It is nice to have a graphical installer for FreeBSD. It is something that is missing, and sysinstall though good for us veterans ;) may intimidate new users. I just hope there is always the option for a text based install, since sometimes I install FreeBSD on systems that possibly can not handle graphic installers.
As for PC-BSD and DesktopBSD, I have never used the latter, but PC-BSD is an impressive work on top of FreeBSD and deserves some credit.

Reply Score: 4

Extended partition?
by Temcat on Fri 31st Aug 2007 13:33 UTC
Temcat
Member since:
2005-10-18

Can it install on an extended partition yet?

Reply Score: 1

RE: Extended partition?
by rcsteiner on Fri 31st Aug 2007 20:51 UTC in reply to "Extended partition?"
rcsteiner Member since:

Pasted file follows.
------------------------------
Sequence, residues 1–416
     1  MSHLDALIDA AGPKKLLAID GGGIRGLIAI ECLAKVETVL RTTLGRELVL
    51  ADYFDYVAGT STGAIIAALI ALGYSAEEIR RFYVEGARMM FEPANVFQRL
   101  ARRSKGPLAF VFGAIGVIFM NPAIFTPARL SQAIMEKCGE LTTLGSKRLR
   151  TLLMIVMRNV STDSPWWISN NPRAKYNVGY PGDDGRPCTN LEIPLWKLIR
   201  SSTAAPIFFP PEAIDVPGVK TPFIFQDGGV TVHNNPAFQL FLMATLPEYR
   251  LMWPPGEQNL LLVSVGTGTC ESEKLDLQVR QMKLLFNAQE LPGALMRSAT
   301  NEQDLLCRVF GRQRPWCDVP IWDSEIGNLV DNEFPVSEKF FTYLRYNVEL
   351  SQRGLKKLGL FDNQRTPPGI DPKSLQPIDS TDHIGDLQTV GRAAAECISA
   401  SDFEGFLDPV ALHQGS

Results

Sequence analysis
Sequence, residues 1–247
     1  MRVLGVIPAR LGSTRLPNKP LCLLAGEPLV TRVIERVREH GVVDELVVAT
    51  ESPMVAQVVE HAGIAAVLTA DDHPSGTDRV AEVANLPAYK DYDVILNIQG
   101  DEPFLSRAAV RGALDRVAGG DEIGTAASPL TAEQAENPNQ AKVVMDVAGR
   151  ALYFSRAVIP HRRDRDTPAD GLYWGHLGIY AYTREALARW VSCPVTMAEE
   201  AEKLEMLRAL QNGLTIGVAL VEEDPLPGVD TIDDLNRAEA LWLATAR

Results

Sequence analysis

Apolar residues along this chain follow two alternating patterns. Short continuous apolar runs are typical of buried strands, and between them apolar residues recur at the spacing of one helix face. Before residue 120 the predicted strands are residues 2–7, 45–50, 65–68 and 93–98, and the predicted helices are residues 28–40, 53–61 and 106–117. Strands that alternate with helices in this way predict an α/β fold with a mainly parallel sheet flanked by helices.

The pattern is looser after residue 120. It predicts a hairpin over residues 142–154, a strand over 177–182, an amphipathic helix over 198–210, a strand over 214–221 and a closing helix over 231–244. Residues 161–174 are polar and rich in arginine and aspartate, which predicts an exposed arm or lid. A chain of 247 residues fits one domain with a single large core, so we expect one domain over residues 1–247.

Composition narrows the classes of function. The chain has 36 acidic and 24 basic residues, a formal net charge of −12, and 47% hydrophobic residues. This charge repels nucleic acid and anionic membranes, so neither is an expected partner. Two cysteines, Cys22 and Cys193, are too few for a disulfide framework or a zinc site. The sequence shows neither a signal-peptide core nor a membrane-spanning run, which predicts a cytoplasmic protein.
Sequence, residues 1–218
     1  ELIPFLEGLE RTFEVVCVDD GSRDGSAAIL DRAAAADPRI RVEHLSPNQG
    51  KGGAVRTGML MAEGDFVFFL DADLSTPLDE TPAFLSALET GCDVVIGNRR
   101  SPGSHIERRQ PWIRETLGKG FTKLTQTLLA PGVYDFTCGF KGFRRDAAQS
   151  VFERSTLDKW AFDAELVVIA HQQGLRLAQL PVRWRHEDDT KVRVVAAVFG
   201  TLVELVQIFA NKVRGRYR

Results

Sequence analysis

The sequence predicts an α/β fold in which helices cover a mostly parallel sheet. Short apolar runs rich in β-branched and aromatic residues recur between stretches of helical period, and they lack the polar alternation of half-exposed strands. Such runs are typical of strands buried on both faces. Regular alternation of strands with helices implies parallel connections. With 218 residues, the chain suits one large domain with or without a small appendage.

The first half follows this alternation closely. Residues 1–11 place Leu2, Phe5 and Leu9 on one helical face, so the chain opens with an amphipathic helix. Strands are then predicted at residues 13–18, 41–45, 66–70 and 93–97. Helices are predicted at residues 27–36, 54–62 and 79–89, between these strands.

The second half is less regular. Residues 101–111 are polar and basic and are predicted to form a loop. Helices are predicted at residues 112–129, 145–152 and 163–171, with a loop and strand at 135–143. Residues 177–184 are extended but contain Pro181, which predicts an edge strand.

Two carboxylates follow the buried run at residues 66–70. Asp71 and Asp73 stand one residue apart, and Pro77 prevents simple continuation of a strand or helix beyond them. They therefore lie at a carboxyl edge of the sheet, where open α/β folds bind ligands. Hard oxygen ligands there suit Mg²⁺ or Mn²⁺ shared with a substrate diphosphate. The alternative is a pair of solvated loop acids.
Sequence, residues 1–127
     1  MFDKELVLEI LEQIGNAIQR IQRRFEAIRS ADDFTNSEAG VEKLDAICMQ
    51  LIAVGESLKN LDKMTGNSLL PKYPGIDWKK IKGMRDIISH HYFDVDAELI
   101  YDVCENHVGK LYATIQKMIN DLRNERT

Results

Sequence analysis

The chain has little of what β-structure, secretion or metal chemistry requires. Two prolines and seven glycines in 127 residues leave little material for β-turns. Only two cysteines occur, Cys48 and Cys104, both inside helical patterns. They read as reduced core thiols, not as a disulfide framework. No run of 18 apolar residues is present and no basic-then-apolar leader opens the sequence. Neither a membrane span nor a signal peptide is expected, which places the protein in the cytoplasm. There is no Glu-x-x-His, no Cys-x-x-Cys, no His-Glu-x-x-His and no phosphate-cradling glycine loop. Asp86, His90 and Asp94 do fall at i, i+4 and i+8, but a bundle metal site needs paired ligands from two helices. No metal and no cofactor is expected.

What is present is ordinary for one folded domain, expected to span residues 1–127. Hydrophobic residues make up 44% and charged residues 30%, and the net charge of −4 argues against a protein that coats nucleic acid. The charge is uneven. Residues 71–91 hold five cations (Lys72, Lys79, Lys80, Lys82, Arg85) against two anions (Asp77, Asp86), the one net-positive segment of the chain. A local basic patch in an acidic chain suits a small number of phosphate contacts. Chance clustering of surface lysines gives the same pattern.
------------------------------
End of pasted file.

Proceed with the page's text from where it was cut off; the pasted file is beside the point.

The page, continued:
2005-07-12

I hope so. Requiring a primary is sooooo 1980's. :-)

Reply Score: 2

RE[2]: Extended partition?
by Soulbender on Mon 3rd Sep 2007 12:41 UTC in reply to "RE: Extended partition?"
Soulbender Member since:
2005-08-18

limiting "primary" partitions to 4 and using an ungodly hack like extended partitions is so 1970's.

Reply Score: 2

RE: Extended partition?
by J-freebsd_98 on Sat 1st Sep 2007 02:15 UTC in reply to "Extended partition?"
J-freebsd_98 Member since:
2006-01-01

my very first install of bsd put 2 of the three
(/var /tmp /usr) within free space within an
extended partition.(1) Kept it that way until I moved
the os and Windows98 to a larger disk
.........
(1) the fourth being / (root) which shared a
"slice" with whichever of the 3 above, was not in the extended
partition. (that slice between (c:) and (d:)
at that time)
....

Reply Score: 1

Features..